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3 Reasons Your Company Should Hire Risk-Takers

Jason Richmond

Your company and culture will benefit from the risk-taker within.

  • Companies need employees who are willing to take risks in order to achieve great outcomes, and to support those employees in taking those risks.
  • Risk-takers have higher levels of curiosity than the risk-averse and believe in limitless possibilities.
  • Companies thrive with a mixture of risk-takers and risk-averse employees, with appropriate support for both types.

Does taking risks scare you? To an extent, maybe it should – fear is a built-in mechanism warning our bodies that something may not be right. On the other hand, what if this mechanism was just another obstacle to hurdle on the path to success?

In recent years, companies have been gravitating away from the head-down direction-takers and, instead, are moving toward those willing to take matters into their own hands. While it may cause CEOs and leaders to step out of their comfort zones, here are three reasons why your company should be embracing the risk-takers these days.

Out-of-the-box thinking

"Companies need fire starters – the people willing to ignite a different kind of conversation," an executive with an S&P 500 company recently said to me. To his point, he's referring to employees who are willing to avoid the normal courses of action to arrive at a new way of thinking and success. Those confined to standard methods will hardly see the same growth as those willing to think and operate outside the box.

Untapped creativity

The risk-takers within a company offer another advantage necessary for growth and continued success: creativity. With the rush of millennial employees to the workforce, creativity is being expressed through nontraditional techniques as the most tech-savvy generation paves the way. The surge of tech-savvy and skilled team members is helping to tap into a new outlet for those in various company departments, such as marketing and design. 

High-achieving team players

For those who associate an adventurous employee with poor decision-making and an inability to work as a team, you may be pleasantly surprised: The freedom created from that type of culture helps people to be either team players or mavericks – and both are beneficial for the company. Sometimes the employees break into teams working toward a common goal, and sometimes it's a singular effort on the part of an employee who has a vision and runs with it.

What constitutes a risk-taker?

Since Merriam-Webster defines risk-taking as "the act or fact of doing something that involves danger or risk in order to achieve a goal," the risk-taker is the person who takes the risk in order to achieve the goal. According to, in business, the risk-taker "is someone who risks everything in the hope of achievement or accepts greater potential for loss in decisions and tolerates uncertainty."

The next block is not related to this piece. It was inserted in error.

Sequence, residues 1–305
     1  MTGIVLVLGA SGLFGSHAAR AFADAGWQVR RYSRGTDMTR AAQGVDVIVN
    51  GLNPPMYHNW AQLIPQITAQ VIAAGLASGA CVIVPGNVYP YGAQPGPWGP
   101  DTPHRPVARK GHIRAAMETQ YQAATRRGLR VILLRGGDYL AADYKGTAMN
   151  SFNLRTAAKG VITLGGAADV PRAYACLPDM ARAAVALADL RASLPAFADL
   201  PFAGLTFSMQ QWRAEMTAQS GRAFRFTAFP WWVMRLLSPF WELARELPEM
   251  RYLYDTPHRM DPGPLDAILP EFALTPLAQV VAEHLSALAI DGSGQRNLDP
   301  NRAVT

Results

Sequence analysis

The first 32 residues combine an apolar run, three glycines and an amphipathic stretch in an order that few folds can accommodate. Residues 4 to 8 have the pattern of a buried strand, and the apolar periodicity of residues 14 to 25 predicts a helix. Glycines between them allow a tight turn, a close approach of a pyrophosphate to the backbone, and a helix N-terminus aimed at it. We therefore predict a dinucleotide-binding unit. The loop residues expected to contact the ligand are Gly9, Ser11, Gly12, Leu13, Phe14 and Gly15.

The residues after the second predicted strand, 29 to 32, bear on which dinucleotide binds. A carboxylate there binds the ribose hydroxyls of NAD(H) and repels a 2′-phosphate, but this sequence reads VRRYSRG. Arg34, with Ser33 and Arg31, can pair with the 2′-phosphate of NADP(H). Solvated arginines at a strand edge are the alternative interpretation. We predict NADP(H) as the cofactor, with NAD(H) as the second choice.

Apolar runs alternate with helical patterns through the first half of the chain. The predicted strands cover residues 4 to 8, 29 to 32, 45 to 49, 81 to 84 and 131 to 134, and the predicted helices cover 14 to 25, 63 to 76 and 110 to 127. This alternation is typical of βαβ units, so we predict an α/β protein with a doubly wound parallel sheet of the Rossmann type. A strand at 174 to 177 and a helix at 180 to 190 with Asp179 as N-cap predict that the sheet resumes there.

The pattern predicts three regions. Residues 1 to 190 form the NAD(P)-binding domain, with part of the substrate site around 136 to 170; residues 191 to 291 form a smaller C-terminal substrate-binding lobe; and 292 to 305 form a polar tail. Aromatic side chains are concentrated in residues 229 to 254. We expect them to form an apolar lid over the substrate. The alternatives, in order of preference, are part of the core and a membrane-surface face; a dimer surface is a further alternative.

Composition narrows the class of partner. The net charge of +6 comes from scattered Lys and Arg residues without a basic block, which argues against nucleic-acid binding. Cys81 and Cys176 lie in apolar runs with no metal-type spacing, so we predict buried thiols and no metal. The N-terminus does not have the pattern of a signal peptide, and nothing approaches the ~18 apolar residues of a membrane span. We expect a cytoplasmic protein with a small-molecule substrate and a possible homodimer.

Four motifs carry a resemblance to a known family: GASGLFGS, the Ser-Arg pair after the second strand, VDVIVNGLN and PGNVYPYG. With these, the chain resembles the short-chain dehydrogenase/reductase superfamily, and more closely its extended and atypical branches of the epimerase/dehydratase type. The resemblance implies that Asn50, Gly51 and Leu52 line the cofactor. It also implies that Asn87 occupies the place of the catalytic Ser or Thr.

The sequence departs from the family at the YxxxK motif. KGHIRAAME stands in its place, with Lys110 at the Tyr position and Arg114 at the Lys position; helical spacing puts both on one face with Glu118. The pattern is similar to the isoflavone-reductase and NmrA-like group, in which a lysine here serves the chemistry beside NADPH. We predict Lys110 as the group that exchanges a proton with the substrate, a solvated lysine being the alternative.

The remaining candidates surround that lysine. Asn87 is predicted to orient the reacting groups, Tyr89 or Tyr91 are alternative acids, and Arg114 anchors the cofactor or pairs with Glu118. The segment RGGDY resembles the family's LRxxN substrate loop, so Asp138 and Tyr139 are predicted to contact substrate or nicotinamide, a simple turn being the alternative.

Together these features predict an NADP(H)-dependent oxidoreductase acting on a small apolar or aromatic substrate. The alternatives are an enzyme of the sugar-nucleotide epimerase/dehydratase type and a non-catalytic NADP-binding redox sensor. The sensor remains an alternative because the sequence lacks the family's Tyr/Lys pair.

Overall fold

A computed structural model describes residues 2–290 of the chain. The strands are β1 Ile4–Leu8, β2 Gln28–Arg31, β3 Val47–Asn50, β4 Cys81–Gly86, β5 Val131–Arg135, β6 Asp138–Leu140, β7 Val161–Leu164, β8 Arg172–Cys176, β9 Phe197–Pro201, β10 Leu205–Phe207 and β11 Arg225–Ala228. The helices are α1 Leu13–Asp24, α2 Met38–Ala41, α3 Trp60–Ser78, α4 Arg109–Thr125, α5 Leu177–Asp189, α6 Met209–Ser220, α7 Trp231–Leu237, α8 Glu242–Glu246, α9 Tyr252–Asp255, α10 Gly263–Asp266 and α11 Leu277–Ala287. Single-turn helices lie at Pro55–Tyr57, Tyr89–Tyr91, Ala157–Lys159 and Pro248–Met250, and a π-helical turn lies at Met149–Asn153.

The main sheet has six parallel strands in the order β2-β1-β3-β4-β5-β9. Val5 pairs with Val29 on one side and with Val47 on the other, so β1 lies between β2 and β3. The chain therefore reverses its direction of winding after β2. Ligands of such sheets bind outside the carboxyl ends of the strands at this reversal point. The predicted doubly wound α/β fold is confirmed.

According to research conducted by innovator and consultant Deborah Piscione, in her book Risk Factors, risk-takers 

  • Refuse to accept the status quo

  • Are in touch with a much greater purpose in life

  • Focus on products, services and ideas that emphasize value creation above all else

  • Value talented people and understand how and when to collaborate with them

  • Can effectively execute an innovative idea, whether they do it themselves or delegate to a small team of others

  • Can scale their innovation to a level that can affect others

Piscione also risk-takers are incredibly curious about how things work, that they hate losing even more than they love winning, and they believe anything is possible. 

Even the leadership teams take their cues at times from the risk-takers in the company, understanding that there are times to support from above and times to follow from behind. It's an often-overlooked quality of management to truly recognize the momentum of an employee and allow the space to let what is happening evolve.

How to manage a risk-taker 

Employees need to know that they are supported in their risky ventures. Management can provide a safety net by promoting the behavior they want the employees to exhibit through their own actions.

  • Modeling. If employees see management taking chances, they will gain comfort in their own ventures.

  • Enabling. Provide the tools and information that employees need to make the right decisions.

  • Support. Managers need to provide support through words and actions.

  • Consistency. People are confused when support wavers, so managers need to stay strong, even when risky decisions don't always have a positive outcome. 

When Jim Donald took over as CEO of Extended Stay America, the company was just emerging from bankruptcy, and employees were nervous about their job security. He famously encouraged risk-taking by handing out thousands of "get out of jail free" cards that his staff could redeem by handing it over when they took a risk on behalf of the company – no questions asked.

Maureen Boyt, founder of the Moxie Exchange, suggests taking a straightforward approach toward failure as part of the natural course of business that will help employees develop a level of comfort with the possibility of failing. She suggests planning for worst-case scenarios, having a "biggest failure" party, and being honest about your own failures as ways to encourage acceptance of potential lack of success.  

For every risk-taker hired, inevitably, there will be others who do not share that adventurous spirit – and that's exactly as it should be. Ultimately, it's about creating a culture rich with balance and acceptance for employees who bring their own individual skill sets and strengths to the table – and the results that come from each of them.

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